Are Small Caps Vulnerable to the Fiscal Cliff?

by Daniel Putnam | August 29, 2012 12:50 pm

When investors buy into the broader small-cap asset class, they know what they’re getting: a higher-beta segment that is likely to outperform large caps on the way up and lag on the way down. Well, usually.

In the past year, though, that traditional relationship hasn’t held true. As of August 28, the iShares Russell 2000 Index Fund (NYSE:IWM[1]) had returned over 14% in the prior 12 months, lagging the 19% return of the SPDR S&P 500 ETF (NYSE:SPY[2]). But so far in August, the worm has turned and small caps have finally started to outperform: IWM has gained 3.8% versus 2.7% for SPY.

Why the shift? Previously, the ongoing concerns about Europe and China caused investors to gravitate to large, defensive, high-yielding companies. In contrast, the past few weeks have seen Europe largely drop out of the  headlines as investors turned their attention to handicapping the next round of central bank stimulus. The increase in investors’ risk appetites — as evidenced by the collapse in the VIX — has been a boon for small-cap stocks.

With the summer doldrums about to end, it’s time to consider whether this is this just a blip. Can small caps continue to outperform through the remainder of this year? While small caps’ recent run has been encouraging, the move may in fact prove to be short-lived due to an issue that still hasn’t had a major impact on financial market performance: the looming fiscal cliff[3].

Why would the fiscal cliff — the combination of tax increases and spending cuts set to go into effect at the beginning of 2013 — have a disproportionate impact on smaller companies? Unlike the European debt crisis or the concerns about China’s growth outlook, the fiscal cliff is a uniquely American problem.

And if the Congressional Budget Office’s recent revised prediction on its effect is any indication, the problem could turn out to be quite large. Small caps, by virtue of their domestic focus, may be more vulnerable to this issue than the multinationals that populate the large-cap indices. According to PNC Capital Advisors, about 80% of small caps’ sales come from North America.

It’s a matter of debate[4] whether the fiscal cliff actually will become a problem. More likely than not, U.S. policymakers will address this issue in some form before year-end. At this point, however, there’s no way investors can be sure of that. Also, if last year’s debt ceiling debate is a precedent, politicians will wait until the eleventh hour to reach a solution. At the very least, we are unlikely to see a resolution until after the election — which leaves a range of two to four months in which the uncertainty is likely to persist.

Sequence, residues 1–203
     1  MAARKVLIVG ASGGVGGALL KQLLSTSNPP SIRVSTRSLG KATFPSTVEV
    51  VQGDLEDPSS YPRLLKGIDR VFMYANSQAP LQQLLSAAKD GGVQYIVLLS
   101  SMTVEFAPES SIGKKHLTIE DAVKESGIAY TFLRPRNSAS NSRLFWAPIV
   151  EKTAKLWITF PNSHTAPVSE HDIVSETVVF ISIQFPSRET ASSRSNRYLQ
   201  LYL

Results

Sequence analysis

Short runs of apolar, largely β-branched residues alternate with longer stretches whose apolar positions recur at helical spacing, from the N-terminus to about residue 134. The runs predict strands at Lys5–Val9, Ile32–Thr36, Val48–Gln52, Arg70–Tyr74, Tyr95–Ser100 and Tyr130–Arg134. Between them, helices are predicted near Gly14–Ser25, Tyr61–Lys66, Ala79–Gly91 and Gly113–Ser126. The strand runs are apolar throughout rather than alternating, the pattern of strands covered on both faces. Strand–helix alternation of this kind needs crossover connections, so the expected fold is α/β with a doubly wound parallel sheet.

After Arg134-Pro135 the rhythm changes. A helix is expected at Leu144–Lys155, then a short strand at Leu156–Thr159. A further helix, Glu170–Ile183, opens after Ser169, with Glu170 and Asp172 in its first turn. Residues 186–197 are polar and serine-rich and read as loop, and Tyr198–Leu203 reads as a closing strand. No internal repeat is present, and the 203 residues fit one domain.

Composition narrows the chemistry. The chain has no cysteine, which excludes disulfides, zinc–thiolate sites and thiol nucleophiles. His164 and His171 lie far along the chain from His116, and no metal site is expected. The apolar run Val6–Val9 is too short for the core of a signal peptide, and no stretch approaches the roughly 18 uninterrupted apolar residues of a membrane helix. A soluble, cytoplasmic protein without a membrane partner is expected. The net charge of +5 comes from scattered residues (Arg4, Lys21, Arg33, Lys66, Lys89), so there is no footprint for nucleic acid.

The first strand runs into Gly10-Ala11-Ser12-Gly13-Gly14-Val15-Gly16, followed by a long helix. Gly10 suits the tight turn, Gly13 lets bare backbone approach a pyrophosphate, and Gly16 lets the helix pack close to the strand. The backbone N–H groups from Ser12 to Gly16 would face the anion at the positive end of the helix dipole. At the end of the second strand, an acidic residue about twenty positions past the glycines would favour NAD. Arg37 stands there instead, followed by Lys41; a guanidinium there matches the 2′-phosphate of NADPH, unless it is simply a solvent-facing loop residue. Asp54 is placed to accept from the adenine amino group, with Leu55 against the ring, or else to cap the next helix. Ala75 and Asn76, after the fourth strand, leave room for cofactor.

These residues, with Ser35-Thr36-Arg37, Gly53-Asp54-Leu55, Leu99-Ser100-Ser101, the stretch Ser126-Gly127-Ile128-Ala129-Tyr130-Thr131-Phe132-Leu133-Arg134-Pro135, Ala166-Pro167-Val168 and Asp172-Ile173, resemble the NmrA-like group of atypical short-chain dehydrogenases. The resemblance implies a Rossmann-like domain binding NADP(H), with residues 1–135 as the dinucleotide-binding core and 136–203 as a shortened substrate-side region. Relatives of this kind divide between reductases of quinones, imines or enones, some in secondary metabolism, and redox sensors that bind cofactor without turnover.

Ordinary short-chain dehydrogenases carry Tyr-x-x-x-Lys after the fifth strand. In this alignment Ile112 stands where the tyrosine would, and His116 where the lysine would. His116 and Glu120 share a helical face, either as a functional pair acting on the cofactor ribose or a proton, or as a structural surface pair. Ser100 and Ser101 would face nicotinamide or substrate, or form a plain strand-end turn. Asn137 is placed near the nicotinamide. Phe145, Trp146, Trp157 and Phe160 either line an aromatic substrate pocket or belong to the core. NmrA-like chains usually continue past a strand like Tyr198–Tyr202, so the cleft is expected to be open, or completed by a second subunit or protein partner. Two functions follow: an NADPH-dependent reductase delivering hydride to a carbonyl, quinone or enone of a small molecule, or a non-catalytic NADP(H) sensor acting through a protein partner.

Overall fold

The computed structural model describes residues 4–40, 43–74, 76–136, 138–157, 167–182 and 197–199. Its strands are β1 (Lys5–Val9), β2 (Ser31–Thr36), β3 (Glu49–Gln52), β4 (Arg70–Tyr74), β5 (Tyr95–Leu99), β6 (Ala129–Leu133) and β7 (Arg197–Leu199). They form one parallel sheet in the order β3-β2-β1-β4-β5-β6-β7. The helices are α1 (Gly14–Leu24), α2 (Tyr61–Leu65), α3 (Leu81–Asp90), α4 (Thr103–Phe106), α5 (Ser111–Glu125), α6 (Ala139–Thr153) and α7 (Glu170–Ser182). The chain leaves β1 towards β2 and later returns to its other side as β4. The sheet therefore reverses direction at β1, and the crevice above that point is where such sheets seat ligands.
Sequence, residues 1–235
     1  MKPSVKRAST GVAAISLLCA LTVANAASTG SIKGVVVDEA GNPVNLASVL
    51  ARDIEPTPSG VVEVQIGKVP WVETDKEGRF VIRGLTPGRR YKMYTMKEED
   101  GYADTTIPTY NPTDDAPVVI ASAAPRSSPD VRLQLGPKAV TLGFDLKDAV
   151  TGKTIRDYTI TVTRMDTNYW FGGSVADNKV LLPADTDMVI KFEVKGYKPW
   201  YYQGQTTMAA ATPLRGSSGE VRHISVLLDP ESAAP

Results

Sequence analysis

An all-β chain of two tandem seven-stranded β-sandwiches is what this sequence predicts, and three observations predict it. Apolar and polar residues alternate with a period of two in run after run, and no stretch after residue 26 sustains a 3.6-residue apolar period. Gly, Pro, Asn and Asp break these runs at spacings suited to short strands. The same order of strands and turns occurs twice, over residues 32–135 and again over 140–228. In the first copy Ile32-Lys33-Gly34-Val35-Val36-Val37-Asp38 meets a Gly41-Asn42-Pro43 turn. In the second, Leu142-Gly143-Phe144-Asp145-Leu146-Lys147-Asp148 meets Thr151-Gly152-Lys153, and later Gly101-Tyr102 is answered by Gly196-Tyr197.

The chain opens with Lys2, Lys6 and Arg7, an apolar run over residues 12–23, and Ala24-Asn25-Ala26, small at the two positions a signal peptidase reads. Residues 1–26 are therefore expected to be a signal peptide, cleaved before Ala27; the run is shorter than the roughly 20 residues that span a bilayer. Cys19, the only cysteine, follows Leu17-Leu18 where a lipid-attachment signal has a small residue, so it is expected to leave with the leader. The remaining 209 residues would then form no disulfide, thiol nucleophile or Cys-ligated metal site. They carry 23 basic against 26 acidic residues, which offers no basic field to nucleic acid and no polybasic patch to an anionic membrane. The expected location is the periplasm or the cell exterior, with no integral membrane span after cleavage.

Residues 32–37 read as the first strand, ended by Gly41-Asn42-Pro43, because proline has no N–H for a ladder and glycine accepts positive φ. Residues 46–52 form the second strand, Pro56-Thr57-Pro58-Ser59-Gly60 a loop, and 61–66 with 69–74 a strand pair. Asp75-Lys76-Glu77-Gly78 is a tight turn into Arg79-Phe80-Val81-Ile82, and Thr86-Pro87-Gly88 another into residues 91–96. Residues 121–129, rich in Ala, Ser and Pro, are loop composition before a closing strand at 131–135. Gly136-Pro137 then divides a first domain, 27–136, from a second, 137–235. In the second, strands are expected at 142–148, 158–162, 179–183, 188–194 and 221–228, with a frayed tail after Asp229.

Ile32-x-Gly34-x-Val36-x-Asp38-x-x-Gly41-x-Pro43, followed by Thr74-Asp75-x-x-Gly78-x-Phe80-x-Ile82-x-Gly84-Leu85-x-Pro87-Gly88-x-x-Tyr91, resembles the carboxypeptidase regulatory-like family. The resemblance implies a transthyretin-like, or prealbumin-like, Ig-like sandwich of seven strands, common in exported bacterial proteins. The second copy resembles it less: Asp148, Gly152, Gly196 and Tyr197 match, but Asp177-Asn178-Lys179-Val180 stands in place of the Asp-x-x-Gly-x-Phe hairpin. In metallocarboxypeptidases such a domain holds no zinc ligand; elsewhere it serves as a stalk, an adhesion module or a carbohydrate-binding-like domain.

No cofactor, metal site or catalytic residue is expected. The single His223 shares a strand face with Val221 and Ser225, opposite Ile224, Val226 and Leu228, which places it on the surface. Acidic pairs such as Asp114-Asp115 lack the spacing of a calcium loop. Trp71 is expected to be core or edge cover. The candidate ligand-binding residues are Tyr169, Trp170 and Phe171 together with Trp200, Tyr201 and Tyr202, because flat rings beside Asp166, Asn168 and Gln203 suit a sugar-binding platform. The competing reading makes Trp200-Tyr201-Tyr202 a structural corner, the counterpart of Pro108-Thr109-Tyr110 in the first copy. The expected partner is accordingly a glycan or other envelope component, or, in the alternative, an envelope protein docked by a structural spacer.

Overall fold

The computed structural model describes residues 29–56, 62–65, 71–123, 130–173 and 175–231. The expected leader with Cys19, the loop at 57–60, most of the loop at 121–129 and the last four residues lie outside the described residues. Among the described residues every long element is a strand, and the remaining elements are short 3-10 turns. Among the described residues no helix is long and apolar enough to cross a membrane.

This factor may be enough to offset the wide range of natural advantages held by small caps. The asset class has not only outperformed over time, but it has been particularly strong in the fourth quarter in the recent past in a possible reflection of the “January effect” being pulled forward into earlier months.

Since the beginning of the 2000s, IWM has averaged a fourth quarter return of 5.3%, 1.8 percentage points ahead of the 3.5% average return for SPY. Small-cap stocks are also more attractively valued than large caps on a price-to-book, price-to-sales and price-to-cash flow basis, and they are in a position to benefit as cash-rich larger companies look to “buy growth” through mergers and acquisitions.

Despite this, the benefit of having a domestic focus — while a distinct positive amidst the overseas turmoil that has characterized the past three years — may become a liability as the autumn progresses. Until the concerns about the fiscal cliff finally pass, it’s reasonable to expect that investors will continue to gravitate toward large-cap, high-yielding mulitnationals — especially if the current rally loses steam in the weeks ahead.

There’s a simple way to evaluate whether this thesis is correct: Watch whether the Russell 2000 Index, which closed at 814.28 on August 28, can surpass its previous high of 847.92.

Even as the large-cap indices have achieved new high ground, the small-cap index has remained short of the same. If this current upswing concludes without the index making a new high, it’s likely that small caps’ August outperformance is likely to prove fleeting.

As of this writing, Daniel Putnam did not hold a position in any of the aforementioned securities.

  1. IWM:
  2. SPY:
  3. looming fiscal cliff:
  4. matter of debate:

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